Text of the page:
Artificial photosynthesis has carved out a promising corner in renewable energy research in recent history. This novel process is solar-driven, harvesting renewable energy and storing in in chemical bonds. Breakthroughs in artificial photosynthesis could lead to the development of solar fuels that could potentially shift the energy infrastructure.
However, while many technological barriers have been surpassed in the advancement of artificial photosynthesis, there are still hurdles to overcome. However, a research team from Forschungszentrum Juelich believes they may have just taken a significant step forward in the advancement of this field.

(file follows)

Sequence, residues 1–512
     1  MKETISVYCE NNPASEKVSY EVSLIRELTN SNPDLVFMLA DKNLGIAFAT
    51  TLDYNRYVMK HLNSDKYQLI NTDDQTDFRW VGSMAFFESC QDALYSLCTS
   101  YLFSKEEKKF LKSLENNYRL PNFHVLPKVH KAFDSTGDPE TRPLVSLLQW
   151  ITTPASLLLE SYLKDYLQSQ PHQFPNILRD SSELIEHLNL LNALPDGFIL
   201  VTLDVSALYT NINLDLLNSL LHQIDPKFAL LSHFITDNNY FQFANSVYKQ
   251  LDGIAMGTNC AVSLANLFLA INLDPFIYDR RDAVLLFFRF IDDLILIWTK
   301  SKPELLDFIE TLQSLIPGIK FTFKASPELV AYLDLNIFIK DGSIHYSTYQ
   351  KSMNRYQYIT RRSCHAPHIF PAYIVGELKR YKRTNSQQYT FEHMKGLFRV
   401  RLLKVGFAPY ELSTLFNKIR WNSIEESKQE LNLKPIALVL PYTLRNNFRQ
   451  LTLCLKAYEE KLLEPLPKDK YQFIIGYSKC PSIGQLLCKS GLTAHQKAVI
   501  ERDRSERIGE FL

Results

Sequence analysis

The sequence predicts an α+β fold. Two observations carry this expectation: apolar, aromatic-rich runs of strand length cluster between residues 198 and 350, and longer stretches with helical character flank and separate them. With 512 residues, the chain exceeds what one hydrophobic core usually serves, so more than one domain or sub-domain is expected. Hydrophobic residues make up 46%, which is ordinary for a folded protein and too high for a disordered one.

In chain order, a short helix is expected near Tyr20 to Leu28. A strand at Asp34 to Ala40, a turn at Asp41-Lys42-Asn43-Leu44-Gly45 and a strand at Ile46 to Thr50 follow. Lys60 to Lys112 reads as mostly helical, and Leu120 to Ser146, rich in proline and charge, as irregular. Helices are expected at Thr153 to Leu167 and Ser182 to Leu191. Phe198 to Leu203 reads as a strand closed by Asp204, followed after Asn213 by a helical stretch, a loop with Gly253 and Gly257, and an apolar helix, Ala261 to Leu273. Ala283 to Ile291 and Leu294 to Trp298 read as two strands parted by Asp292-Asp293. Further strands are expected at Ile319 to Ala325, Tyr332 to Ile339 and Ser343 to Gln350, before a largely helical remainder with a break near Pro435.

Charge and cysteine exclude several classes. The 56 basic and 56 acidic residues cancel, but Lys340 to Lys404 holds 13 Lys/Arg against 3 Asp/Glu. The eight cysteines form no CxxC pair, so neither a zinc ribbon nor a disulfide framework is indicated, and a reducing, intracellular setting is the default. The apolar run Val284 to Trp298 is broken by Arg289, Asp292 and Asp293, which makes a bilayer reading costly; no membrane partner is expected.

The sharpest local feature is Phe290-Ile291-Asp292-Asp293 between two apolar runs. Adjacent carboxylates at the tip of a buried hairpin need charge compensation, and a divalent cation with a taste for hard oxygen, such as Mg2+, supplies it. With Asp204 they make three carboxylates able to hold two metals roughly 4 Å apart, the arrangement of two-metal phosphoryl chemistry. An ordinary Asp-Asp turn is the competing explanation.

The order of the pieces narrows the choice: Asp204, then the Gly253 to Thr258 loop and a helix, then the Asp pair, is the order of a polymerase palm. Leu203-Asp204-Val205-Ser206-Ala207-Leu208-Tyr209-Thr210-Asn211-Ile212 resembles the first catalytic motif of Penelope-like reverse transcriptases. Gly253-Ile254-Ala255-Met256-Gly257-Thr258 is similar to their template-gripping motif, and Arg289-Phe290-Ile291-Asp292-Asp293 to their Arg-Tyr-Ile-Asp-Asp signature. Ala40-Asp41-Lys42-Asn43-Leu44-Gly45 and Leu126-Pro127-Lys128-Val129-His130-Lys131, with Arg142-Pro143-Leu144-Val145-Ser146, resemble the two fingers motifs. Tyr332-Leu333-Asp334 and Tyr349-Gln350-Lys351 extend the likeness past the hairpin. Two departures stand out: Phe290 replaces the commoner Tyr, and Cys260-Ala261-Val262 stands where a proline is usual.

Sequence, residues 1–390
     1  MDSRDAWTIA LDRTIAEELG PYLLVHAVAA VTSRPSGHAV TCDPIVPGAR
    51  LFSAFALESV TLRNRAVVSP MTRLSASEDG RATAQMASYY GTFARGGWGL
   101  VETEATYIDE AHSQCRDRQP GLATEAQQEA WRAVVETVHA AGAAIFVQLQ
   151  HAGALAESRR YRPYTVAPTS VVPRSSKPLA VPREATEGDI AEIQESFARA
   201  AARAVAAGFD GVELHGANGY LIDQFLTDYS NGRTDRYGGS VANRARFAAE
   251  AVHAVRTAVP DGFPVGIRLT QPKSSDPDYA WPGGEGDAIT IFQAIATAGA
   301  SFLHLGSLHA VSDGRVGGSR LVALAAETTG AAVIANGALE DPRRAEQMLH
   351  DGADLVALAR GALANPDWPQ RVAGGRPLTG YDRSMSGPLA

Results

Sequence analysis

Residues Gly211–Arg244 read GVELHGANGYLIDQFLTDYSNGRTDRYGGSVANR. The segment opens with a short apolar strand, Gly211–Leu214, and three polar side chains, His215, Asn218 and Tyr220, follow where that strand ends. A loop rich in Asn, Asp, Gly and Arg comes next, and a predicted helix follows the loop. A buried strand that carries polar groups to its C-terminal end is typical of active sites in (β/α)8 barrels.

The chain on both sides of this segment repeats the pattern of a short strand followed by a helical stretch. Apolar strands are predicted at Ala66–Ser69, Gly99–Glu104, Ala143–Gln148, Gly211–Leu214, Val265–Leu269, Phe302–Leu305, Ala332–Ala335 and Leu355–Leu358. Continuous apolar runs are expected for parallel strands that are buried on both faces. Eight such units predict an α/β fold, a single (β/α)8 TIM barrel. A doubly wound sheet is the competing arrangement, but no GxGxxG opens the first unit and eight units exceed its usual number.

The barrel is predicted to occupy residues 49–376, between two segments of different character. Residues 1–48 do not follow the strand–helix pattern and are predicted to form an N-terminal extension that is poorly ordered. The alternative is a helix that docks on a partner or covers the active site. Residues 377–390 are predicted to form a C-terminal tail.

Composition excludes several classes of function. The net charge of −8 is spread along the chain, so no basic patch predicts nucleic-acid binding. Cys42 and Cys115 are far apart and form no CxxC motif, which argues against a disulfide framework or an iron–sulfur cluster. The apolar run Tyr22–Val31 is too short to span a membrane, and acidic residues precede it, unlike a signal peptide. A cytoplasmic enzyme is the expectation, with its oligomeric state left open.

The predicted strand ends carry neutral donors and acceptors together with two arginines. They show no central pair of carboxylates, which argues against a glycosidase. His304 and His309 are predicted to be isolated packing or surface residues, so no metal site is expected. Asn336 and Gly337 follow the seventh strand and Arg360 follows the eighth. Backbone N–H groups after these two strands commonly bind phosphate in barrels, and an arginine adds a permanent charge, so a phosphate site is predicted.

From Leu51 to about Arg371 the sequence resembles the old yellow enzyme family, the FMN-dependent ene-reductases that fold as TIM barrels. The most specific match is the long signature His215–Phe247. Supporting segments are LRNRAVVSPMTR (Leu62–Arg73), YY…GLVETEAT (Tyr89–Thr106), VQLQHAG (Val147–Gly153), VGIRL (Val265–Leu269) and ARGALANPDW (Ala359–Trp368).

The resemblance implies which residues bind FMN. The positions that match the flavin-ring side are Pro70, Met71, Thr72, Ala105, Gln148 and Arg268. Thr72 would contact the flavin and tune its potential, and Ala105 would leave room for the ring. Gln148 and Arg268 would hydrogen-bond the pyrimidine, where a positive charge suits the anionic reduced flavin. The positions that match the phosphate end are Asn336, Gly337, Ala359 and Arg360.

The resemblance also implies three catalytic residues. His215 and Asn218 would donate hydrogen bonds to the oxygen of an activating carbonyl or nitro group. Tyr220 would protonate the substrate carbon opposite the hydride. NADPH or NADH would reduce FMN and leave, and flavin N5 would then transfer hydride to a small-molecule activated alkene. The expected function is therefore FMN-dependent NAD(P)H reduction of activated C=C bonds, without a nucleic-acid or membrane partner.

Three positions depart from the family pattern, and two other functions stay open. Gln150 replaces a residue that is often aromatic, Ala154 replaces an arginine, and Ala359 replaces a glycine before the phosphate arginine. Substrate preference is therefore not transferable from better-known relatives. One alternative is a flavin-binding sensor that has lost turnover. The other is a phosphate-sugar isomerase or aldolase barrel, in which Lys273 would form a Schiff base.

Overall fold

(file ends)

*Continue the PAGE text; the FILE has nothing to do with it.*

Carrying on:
In a recently published paper, the team of scientists state that they have developed the first complete and compact design for an artificial photosynthesis facility.
The artificial photosynthesis process was first investigated in the 1970s. In fact, ECS Fellow Allen J. Bard can be seen here discussing the process in 1983. But only recently has artificial photosynthesis began to garner larger amounts of attention from the scientific community as a whole.